Friday, 1865 August 4, New Orleans, Louisiana: “Business has changed very much, not only changed hands, but the very mode of carrying it out is so different from what it used to be”

[Impressions of business conditions in postwar New Orleans and Norfolk, Virginia, and the employment of African-American ex-slaves.]

New Orleans, August 4, 1865

James W. Green Esq.
Rappahannock County, Virginia

Dear Sir:
I arrived here on 25 July on Steamship
“Star of the Union” from New York, and went to work next day
in Same office I was in prior to the War. I was enquiring
the other day about Charlie and learned that he was then
expected almost daily in Vicksburg so I presumed I shall soon
see him. New Orleans look very natural & there are many
more familiar faces to be met with on the streets than I
imagined. Business has changed very much, not only
changed hands, but the very mode of carrying it out is so
different from what it used to be. Trade is quite
brisk at this time in almost all its departments; Cotton is
Coming in very freely from the various points, and so long as it
lasts it will keep everything else moving—the growing Crop that
is very small, and the impression is that a Small Crop at
present rates pays as Well as a good large one used to. Planters
generally seem disposed to go to work with a will, and do
the best they can under existing circumstances—the freed labor
system is as yet somewhat problematical, but I think that
once the Negroes being to realize which end they stand upon, and
discover that they must work or starve that they will be very glad
to do at least as little as they possibly can, which might
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amount to something in the long run. I found
in Virginia that many believed it best for each Planter to hire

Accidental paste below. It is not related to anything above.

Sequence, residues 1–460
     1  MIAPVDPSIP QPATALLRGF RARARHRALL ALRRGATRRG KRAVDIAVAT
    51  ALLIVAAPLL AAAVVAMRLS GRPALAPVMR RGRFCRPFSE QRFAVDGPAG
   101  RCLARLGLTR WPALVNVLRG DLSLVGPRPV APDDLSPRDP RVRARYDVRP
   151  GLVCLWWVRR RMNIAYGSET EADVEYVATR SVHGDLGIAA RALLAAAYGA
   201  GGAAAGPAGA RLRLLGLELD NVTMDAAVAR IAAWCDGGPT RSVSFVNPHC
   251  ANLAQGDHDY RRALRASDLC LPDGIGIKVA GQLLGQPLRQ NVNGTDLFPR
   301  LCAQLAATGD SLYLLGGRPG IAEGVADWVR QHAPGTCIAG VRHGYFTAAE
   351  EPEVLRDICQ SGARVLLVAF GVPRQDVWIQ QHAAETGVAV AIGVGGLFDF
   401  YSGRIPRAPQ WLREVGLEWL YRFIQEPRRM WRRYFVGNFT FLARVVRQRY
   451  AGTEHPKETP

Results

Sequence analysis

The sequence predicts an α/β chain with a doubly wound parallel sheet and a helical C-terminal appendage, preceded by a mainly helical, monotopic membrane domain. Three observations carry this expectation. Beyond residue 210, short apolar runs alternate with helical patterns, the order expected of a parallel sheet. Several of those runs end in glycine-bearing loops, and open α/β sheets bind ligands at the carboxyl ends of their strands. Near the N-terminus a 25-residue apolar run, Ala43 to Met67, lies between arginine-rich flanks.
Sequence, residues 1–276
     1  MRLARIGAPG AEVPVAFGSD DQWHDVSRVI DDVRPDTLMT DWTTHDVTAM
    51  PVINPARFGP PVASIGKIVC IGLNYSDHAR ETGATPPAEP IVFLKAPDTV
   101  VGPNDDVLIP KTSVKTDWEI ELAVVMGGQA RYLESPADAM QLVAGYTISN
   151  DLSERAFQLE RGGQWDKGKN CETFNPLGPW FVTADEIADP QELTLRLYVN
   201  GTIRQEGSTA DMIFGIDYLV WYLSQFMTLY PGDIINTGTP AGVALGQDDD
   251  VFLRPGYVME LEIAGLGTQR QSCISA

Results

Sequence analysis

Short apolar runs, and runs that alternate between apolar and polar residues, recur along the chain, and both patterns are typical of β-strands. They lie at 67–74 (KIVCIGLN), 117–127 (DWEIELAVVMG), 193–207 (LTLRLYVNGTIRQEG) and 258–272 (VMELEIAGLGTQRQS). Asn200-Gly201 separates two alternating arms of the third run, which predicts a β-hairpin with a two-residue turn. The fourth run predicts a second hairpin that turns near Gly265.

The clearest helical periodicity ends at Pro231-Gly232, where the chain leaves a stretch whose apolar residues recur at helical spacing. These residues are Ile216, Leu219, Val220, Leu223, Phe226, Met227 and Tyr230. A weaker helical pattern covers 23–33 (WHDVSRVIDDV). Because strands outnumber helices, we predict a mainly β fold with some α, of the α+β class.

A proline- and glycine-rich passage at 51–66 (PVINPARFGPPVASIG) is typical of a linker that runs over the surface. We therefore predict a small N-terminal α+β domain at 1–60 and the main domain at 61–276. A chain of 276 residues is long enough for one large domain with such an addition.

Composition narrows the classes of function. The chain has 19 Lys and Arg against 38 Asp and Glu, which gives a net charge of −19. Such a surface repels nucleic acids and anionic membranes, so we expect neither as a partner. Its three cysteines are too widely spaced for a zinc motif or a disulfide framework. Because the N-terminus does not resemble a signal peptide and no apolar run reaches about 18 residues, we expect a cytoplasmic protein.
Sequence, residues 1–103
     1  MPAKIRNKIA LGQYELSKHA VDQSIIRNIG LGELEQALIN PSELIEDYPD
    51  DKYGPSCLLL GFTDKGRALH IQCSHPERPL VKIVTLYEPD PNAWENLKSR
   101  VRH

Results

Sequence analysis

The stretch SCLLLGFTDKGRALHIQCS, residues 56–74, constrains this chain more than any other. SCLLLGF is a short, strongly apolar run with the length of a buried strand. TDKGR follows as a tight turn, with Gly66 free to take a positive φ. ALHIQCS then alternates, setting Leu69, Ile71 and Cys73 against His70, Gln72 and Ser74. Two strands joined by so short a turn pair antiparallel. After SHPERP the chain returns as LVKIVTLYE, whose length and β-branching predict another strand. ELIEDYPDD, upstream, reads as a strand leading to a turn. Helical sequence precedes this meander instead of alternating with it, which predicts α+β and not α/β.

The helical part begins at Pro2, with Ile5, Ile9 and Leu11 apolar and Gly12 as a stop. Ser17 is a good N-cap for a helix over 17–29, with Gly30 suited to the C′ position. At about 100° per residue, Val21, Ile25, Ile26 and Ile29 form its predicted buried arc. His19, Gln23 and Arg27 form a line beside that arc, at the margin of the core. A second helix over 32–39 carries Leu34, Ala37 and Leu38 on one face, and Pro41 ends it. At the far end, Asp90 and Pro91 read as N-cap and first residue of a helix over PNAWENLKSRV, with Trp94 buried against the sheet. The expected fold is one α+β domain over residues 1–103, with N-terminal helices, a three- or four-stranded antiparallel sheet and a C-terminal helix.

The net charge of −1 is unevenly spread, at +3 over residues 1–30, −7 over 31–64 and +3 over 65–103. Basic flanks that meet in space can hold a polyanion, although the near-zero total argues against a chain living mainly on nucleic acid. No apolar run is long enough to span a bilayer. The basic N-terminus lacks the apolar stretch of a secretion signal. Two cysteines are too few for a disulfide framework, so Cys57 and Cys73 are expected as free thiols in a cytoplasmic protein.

strange Negroes, for the reason that those previously owned were in
many cases indulged and allowed privileges altogether
incompatible with the new relation between Employer and Employed—
but which nevertheless they would still respect. I think
the idea good as a general rule.
I wrote you from Philadelphia
when I first arrived there, my stay however was very short,
from there I went to Norfolk [Virginia] and remained with a friend
[unintelligible] two miles outside Town, for about 5 Weeks, during all of
which time very much was absent from New Orleans on business
appertaining to the City Banks and did not Know anything
whatever of my whereabouts.
I trust you are all getting on
well at “the Shade” [Locust Shade] & have had a good Corn Season. When
you can make it convenient to write, I would be much
pleased to hear from you.
Please tell W. ?  Green that
when the Express Companies get to Working Well, I will
write & ask him to have that piece of silk I left in
his charge forwarded to this place, as many are very
anxious to see it. I could easily have brought
it on myself had I only known.
With Kindest regards to all at “the
Shade” [Locust Shade]—
I Remain Dear Sir
Yours very sincerely,
Walter F. Irvine [signed]
address Care of
T. H. & J. M. Allen
New Orleans

[Editor: James W. Green (1829?-?) of  Rappahannock County, Virginia; as a 35-year-old farmer in 1864 he received a Confederate exemption “as an Agriculturalist” for the counties of Campbell and Amherst; in January 1865 the Lynchburg provost marshal’s office (Confederate) granted him permission to visit Rappahannock; his father Col. Charles W. Green Sr. (1817?-1879) wrote to him in 1864 from “Locust Shade”—perhaps the family plantation/farm. (There is a Locust Shade Park near the Marine Corps Base Quantico, in Triangle, Prince William County, Virginia.) An April 1865 a New York Times article described the “Star of the Union” as a “magnificent steamer . . . on the route between New-York and New-Orleans . . . owned by E. A. Sorosa & Co. . . . 218 feet long, 34 feet beam, 18 feet 6 inches hold, and 1,202 tons . . . of white oak . . .  a vertical direct engine.” A Walter F. Irvine (1836-1906) is buried in Elmwood Cemetery, Norfolk, Virginia; the 1900 U. S. Census identifies him as a native of Ireland and a merchant residing on the city’s Bank Street; two of his daughters (Margaret and Charlotte) were Louisiana natives. T. H. & J. M. Allen Company, a New Orleans cotton firm, ca. 1858-1876.]

MSS 4694-A

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